Biodiversity is defined as ‘the variability among living organisms from all sources, including terrestrial, marine and other aquatic ecosystems and the ecological complexes of
which they are a part; this includes diversity within species, between species and of ecosystems’.

United Nations Earth Summit (1992)

Conservation and sustainable use of biodiversity is fundamental to ecologically sustainable development. Biodiversity is part of our daily lives and livelihood, and constitutes
resources upon which families, communities, nations and future generations depend.


Levels of Biodiversity:
Biodiversity is considered to exist at three levels: genetics, species, and ecosystems.

(a) Genetic diversity:
• It is concerned with the variation in genes within a particular species.

• Genetic diversity allows species to adapt to changing environments.

• This diversity aims to ensure that some species survive drastic changes and thus carry on desirable

• The survival of individuals ensures the survival of the population.

• The genetic diversity gives us beautiful butterflies, roses, parakeets or coral in a myriad hues, shapes
and sizes.

(b) Species diversity:
• It refers to the variety of living organisms on earth.

• Species differ from one another, markedly in their genetic makeup, do not inter-breed in nature.

• Closely-related species however have in common much of their hereditary characteristics. For in-
stance, about 98.4 per cent of the genes of humans and chimpanzees are the same.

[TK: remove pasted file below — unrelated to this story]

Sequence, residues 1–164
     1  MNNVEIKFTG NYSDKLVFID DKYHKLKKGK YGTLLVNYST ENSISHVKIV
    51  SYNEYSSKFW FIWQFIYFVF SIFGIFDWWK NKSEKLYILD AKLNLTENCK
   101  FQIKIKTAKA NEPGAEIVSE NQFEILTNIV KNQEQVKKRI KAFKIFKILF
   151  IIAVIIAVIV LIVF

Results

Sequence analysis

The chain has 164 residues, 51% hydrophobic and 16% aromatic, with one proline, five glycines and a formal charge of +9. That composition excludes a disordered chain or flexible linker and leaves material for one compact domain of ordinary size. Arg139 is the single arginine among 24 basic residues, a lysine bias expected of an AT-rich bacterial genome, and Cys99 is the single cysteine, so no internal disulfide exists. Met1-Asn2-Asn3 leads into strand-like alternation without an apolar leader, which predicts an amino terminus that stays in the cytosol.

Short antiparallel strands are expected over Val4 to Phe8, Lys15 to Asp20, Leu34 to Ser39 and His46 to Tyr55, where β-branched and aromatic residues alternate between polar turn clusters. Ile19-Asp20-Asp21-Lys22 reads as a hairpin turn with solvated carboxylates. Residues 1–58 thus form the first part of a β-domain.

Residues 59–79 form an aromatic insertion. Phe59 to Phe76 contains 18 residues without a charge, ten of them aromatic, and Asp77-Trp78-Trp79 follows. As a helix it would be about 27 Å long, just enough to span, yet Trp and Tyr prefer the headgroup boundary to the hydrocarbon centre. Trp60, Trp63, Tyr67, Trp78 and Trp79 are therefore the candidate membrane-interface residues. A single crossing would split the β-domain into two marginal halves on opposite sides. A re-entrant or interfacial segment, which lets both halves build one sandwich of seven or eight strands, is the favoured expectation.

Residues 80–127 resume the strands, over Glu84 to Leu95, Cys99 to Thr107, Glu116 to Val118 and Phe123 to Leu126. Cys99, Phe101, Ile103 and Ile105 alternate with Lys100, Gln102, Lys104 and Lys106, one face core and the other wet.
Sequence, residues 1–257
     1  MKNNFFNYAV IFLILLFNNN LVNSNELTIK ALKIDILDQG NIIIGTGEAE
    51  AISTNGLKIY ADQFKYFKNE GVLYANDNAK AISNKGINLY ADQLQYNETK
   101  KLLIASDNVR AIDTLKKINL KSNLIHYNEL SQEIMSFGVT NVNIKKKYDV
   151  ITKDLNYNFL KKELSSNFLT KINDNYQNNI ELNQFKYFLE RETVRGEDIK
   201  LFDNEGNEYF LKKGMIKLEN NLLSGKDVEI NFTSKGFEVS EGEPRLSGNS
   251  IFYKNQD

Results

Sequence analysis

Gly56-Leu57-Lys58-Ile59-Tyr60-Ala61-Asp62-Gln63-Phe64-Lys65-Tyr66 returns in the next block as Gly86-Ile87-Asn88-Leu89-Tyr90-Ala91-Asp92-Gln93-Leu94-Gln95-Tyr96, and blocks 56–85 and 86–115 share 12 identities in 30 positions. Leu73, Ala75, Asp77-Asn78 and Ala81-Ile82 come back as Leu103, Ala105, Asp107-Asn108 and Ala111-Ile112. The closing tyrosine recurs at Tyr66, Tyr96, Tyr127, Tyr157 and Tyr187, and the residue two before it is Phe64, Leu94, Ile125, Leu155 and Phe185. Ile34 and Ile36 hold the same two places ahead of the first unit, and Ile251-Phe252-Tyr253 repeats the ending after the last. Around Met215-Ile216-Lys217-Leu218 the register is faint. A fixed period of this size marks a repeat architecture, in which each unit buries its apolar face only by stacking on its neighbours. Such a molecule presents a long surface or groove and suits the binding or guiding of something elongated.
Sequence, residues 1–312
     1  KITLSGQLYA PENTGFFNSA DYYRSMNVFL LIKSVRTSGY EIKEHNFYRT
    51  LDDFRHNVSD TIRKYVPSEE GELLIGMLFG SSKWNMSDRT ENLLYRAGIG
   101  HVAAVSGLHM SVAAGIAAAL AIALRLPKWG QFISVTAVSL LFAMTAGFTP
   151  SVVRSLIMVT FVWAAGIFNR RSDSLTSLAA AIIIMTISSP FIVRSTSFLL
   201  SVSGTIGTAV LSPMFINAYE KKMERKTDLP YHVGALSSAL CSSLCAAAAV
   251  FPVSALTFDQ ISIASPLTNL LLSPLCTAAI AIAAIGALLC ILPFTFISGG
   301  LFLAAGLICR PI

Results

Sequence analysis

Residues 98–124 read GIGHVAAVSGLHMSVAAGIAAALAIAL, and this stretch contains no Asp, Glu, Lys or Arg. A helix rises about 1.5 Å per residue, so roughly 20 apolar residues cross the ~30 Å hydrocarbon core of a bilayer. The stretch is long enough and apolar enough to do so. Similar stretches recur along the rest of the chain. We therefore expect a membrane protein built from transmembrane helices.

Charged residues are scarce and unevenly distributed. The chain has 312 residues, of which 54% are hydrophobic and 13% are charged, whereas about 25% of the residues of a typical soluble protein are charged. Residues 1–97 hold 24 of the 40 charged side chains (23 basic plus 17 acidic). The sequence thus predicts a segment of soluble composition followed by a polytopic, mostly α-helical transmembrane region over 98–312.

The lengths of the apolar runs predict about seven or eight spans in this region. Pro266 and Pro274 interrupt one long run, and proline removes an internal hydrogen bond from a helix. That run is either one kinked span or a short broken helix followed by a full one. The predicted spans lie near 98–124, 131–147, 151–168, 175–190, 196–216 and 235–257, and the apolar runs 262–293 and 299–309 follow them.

• It is the ratio of one species population over total
number of organisms across all species in the given

• ‘Zero’ would be infinite diversity, and ‘one’ represents only one species present.

(c) Ecosystem/ Community diversity:
• This refers to the different types of habitats. A habitat is the cumulative factor of the climate, vegetation
and geography of a region.

• There are several kinds of habitats around the world. Corals, grasslands, wetland, desert, mangrove and
tropical rain forests are examples of ecosystems.

• Change in climatic conditions is accompanied by a change in vegetation as well. Each species adapts itself to a particular kind of environment.

• As the environment changes, species best adapted to that environment becomes predominant. Thus the
variety or diversity of species in the ecosystem is influenced by the nature of the ecosystem.


Measurement of Biodiversity:
Biodiversity is measured by two major components:
i. species richness and
ii. species evenness.

(i) Species richness:
It is the measure of number of species found in a community.
a) Alpha diversity:
It refers to the diversity within a particular area or ecosystem, and is usually expressed by the number of species (i.e. species richness) in that ecosystem.

b) Beta diversity:
It is a comparison of diversity between ecosystems, usually
measured as the change in amount of species between the ecosystems.

c) Gamma diversity:
It is a measure of the overall diversity for the different ecosystems within a region.

(ii) Species evenness:
It measures the proportion of species at a given site e.g. low evenness indicates that a few species dominate the site.